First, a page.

Welcome to The National Society of The Colonial Dames of America in The State of Tennessee
Dear Prospective Dame,
Welcome to our Tennessee Society. Look at who we are, what we do, and why we have a common bond in those who have gone before. The ways in which we honor our ancestors, whose service and sacrifice have allowed for our freedoms today, are central to our mission of promoting our national heritage. Through historic preservation, patriotic service, and educational projects we have created a fellowship of women who protect our ideals of the past, treasure our friendships always, and encourage our future generations in love of country.
We want you to contact us and ask questions about what it means to become a Tennessee Colonial Dame. You will find us to be genuine, sociable, and hospitable to all members (new, young, and young-at-heart.) We are looking forward to your inquiry.
The Board of Managers
The National Society of The Colonial Dames of America in The State of Tennessee
The National Society of The Colonial Dames of America works to inspire all people to understand and honor our origins as a nation.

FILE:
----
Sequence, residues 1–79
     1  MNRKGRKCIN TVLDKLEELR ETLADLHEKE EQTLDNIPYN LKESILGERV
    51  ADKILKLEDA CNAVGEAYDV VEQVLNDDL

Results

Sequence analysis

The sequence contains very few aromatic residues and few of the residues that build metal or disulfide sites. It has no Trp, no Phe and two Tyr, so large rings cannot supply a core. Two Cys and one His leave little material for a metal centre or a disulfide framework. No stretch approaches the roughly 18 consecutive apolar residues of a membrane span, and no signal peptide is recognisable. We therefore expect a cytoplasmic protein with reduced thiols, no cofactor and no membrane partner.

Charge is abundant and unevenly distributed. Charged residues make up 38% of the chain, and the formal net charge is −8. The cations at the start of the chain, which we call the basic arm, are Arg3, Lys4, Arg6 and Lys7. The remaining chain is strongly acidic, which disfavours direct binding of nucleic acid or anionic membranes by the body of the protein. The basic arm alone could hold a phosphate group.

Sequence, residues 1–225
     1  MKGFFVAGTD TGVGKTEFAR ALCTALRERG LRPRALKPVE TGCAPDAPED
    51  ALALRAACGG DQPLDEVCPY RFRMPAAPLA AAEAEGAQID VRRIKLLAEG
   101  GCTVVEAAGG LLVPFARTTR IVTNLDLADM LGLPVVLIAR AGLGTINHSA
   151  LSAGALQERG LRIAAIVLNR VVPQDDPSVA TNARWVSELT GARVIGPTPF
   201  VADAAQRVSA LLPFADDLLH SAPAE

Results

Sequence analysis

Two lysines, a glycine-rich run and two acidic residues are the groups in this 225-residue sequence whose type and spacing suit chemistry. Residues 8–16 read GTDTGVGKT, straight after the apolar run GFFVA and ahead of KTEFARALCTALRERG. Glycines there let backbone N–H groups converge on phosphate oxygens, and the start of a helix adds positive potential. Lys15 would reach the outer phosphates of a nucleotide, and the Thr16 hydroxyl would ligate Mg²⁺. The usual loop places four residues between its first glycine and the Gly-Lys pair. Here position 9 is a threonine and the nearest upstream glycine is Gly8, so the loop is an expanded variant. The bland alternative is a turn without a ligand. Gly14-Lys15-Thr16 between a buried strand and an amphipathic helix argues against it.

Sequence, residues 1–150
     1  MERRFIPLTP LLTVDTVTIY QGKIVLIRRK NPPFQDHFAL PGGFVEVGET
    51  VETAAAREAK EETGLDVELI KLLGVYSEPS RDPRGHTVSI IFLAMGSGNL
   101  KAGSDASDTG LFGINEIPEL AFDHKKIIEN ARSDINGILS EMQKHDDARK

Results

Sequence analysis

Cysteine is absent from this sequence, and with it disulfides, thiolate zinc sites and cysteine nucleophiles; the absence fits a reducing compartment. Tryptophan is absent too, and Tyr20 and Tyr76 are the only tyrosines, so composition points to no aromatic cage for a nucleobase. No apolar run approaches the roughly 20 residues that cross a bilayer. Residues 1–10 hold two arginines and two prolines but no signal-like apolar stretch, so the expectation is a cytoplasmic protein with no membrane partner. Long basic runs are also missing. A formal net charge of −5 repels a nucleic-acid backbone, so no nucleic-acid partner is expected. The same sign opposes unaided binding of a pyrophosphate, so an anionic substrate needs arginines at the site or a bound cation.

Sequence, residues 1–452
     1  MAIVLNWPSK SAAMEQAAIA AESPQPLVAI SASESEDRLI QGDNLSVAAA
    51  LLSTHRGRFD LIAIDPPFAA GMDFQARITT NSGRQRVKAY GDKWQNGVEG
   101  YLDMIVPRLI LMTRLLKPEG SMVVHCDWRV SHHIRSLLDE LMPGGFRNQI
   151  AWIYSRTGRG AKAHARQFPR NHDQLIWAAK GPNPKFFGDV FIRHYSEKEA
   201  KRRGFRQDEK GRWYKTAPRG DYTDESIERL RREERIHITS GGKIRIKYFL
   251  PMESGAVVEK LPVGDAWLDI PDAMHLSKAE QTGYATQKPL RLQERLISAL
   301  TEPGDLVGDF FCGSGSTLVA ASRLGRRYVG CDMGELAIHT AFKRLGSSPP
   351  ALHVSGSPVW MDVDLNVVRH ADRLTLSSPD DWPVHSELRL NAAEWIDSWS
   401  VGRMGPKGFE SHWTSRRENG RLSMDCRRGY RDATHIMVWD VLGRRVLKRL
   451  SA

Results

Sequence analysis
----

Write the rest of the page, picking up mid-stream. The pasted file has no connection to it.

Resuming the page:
Region I & III Conference in New Orleans, March 2019
NSCDA Louisiana is host for Regions I & III Conference in New Orleans. All Dames are welcome to participate in activities set for March 29-31. This is a great opportunity to meet the Dames from our two regions, to participate in workshops, to savor the gastronomic delights and to explore the unique history of “The Big Easy.”
Reservation deadline is March 7, 2019. Log in to sign up!
The headquarters of the NSCDA-TN is our historic museum property, Travellers Rest, the home of Judge John Overton and several generations of his descendants in Nashville. Travellers Rest, built in 1799, is the oldest historic house museum in Nashville which is open to the public. The house and grounds are open for tours daily, excepting Thanksgiving, Christmas, and New Year’s Day.
The NSCDA-TN also provides support for the following museum houses: Dumbarton House, the headquarters of the National Society in Washington, DC; Gunston Hall, home of George Mason, author of the Virginia Declaration of Rights in Mason Neck, Virginia; and Sulgrave Manor, the ancestral home of George Washington in Northamptonshire, England.